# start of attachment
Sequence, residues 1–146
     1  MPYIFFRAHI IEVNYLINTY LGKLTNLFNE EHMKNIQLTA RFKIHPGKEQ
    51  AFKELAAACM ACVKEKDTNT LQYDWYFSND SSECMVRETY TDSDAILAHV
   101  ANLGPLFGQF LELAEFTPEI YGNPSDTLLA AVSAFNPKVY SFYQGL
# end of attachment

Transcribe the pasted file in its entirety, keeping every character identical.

Sequence, residues 1–146
     1  MPYIFFRAHI IEVNYLINTY LGKLTNLFNE EHMKNIQLTA RFKIHPGKEQ
    51  AFKELAAACM ACVKEKDTNT LQYDWYFSND SSECMVRETY TDSDAILAHV
   101  ANLGPLFGQF LELAEFTPEI YGNPSDTLLA AVSAFNPKVY SFYQGL